Perhaps, as the Post suggests, Gorelick's critics should have called for her recusal sooner. Perhaps. But us civilian types had no way of knowing precisely how involved she was in developing Justice Dpeartment policy during the Clinton Administration until now. Indeed, I saw no reason to for her withdrawl or recusal until after the memo was declissified by Ashcroft and Gorelick took to the Post's editorial page in her own defense. Perhaps those at Justice who were aware of her role should have suggested she was an inapprorpiate choice to be on the Commission, but imagine the Post's reaction had John Ashcroft complained about the Gorelick choice. The person in the best position to assess the appropriateness of her serving on the Commission was Gorelick herself, and she simply made the wrong call.

Andrew McCarthy also comments on the Post's editorial. Among other things, he notes that the Post misrepresents the history of the "wall" and the role of Ms. Gorelick's memo and the subsequent guidelines that she helped develop. Contrary to the impression Gorelick and the Post have tried to create:
Gorelick's March 1995 memo is highly relevant to unfolding the thought process that generated intelligence lapse, the key issue being probed by the 9/11 Commission. In it, Gorelick explicitly asserted that the precautionary measures she sought to install, which ultimately became the wall, "go beyond what is legally required...[to] prevent any risk of creating an unwarranted appearance that FISA is being used to avoid procedural safeguards which would apply in a criminal investigation" (Emphasis added).
In the end, however, McCarthy returns to the central point: Whatever one's view of Ms. Gorelick's actions while at Justice -- and McCarthy defends Gorelick's policy decisions on several fronts -- she is simply the wrong woman for the job.
Under the circumstances as they exist, we can have either of two things: (a) nine commissioners, access to all essential witnesses, and no interested witness shaping the commission's findings; or (b) ten commissioners, no access to a pivotal witness, and the commission's hearings and final report tainted by a self-interested participant who even now is making public, unsworn allegations. No matter how we have traveled to this point, that is not a difficult choice.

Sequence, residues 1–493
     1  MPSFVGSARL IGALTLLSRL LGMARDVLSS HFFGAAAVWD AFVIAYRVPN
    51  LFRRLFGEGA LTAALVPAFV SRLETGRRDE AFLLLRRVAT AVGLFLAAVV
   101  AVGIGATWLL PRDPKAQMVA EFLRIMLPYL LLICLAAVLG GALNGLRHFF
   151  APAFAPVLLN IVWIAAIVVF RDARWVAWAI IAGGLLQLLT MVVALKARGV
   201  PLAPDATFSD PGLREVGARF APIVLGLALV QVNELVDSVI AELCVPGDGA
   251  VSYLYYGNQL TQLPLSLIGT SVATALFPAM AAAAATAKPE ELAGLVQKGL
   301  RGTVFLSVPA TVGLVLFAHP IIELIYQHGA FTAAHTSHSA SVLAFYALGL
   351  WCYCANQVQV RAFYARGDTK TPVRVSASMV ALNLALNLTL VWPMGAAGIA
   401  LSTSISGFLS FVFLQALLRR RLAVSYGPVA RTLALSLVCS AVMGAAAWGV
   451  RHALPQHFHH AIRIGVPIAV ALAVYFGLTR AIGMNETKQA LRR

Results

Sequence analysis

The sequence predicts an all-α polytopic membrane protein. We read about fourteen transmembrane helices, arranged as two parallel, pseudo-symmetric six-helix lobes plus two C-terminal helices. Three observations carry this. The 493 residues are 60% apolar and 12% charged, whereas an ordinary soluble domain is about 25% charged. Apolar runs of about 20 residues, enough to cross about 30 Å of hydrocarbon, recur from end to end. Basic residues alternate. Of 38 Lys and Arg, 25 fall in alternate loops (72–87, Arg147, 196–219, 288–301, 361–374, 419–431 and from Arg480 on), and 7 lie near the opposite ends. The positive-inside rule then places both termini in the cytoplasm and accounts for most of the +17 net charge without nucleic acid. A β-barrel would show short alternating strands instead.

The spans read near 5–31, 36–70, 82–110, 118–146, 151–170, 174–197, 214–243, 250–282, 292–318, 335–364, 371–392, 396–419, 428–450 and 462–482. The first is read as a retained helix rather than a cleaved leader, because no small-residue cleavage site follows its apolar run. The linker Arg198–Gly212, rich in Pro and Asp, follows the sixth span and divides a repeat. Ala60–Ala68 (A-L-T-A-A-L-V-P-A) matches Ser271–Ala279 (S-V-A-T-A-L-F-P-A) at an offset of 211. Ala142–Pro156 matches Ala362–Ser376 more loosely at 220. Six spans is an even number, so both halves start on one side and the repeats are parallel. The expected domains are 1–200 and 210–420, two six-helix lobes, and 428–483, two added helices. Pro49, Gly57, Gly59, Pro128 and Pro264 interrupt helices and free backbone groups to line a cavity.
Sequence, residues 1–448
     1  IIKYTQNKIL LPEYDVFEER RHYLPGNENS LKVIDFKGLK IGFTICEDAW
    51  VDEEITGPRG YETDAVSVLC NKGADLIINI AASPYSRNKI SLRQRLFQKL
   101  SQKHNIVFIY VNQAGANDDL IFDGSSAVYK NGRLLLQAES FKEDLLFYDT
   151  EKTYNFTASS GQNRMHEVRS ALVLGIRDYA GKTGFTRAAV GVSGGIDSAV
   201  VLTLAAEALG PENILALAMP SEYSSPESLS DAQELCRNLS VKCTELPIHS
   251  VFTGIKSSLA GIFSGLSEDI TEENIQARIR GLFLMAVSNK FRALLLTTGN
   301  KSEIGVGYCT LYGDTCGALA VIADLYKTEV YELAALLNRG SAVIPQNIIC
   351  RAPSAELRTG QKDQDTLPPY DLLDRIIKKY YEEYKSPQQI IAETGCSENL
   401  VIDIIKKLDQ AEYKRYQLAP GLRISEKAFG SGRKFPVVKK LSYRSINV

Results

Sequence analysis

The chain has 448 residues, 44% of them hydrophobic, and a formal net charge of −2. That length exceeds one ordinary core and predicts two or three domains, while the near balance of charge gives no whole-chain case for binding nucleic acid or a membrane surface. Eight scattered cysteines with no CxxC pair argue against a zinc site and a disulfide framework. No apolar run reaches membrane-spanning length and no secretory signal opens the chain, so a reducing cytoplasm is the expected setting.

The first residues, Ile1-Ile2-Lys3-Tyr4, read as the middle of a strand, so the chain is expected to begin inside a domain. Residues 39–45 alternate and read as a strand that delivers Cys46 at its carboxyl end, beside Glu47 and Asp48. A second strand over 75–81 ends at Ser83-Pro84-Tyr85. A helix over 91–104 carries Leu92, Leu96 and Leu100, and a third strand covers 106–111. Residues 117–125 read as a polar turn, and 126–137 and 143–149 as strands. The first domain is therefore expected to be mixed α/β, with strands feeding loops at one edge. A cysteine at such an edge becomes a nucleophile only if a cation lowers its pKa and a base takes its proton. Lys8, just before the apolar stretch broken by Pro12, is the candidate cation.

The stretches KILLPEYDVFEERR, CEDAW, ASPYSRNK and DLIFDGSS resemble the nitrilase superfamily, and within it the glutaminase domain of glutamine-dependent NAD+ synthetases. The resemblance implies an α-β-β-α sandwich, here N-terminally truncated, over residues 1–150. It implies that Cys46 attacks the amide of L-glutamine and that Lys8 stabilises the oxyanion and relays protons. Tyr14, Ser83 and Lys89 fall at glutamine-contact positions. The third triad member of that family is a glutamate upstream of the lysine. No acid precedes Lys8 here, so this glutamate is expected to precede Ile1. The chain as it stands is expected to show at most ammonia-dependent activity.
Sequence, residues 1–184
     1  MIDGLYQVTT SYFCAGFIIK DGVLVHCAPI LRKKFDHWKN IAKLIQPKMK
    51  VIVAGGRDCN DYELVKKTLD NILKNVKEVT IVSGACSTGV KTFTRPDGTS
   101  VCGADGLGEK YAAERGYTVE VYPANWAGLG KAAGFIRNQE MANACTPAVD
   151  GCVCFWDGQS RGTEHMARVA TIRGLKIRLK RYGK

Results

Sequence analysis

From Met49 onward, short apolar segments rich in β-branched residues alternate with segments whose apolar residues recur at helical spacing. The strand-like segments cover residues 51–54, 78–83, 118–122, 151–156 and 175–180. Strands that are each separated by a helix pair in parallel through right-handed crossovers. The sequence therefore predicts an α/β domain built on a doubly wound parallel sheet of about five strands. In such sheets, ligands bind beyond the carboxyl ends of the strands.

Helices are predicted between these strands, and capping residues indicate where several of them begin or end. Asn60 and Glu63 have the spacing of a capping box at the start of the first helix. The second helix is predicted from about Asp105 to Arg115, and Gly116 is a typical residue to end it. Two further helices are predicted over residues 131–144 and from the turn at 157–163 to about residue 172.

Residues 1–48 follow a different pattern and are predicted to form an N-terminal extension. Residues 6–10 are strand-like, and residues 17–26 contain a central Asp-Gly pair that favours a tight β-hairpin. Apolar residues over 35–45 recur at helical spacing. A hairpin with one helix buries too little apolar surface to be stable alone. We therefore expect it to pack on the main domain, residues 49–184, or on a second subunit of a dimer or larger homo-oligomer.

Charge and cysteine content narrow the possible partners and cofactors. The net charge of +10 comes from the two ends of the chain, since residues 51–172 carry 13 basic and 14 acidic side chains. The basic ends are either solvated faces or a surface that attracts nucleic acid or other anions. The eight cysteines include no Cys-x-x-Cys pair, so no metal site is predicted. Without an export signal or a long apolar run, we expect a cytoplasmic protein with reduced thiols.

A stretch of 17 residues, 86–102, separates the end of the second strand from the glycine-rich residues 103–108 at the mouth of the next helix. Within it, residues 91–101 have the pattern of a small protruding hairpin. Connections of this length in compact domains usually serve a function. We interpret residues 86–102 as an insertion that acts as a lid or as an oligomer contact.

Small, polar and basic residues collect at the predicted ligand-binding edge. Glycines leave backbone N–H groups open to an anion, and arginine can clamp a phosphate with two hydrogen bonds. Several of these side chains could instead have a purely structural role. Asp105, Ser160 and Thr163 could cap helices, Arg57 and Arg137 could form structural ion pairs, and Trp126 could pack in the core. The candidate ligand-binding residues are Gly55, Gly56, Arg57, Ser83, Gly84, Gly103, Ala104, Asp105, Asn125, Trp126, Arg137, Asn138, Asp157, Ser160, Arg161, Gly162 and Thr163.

Metro: Fixed Rail Versus Buses: Against my better judgment (given what I think is an overheated real estate market), I am househunting in Arlington, Virginia. Houses that are walking distance to the Metro are attracting the most speculative fervor, with traffic jams forming at open houses. So, I started researching which neighborhoods were in what I assumed were on less desireable express bus routes. I figured that with the Orange Line already overcrowded, and no money for new trains in sight, express buses would become more popular, and houses near express bus routes would become more desireable. Guess what? There is only a single express Metrobus route that runs through Arlington to D.C. One. And it doesn't run along the most logical route, which would be Arlington Blvd., a broad avenue with plenty of bus stops which bisects Arlington into north and south. And it only goes into D.C. as far as Fourteenth Street, N.W., avoiding most government agencies and the Capitol.

Every other bus route, express or otherwise, goes either to an Arlington metro station or the Pentagon (in Arlington and itself a metro station). I take it that the bus routes were created when Metro trains were still relatively new and hurting for customers, and the idea was to feed them with the buses. Now, the Orange line is straining its capacity, and large sections of Arlington live within walking distance of perfectly sensible express bus routes (Arlington Blvd., Columbia Pike), but not Metrorail. The obvious sensible solution would be to invest in some express buses. I don't know if this in on the table, or if the powers-that-be in Arlington are just too wedded to the longstanding vision that all must worship exclusively at the altar of the Orange line. Any Arlington politics mavens out there who know what's going on?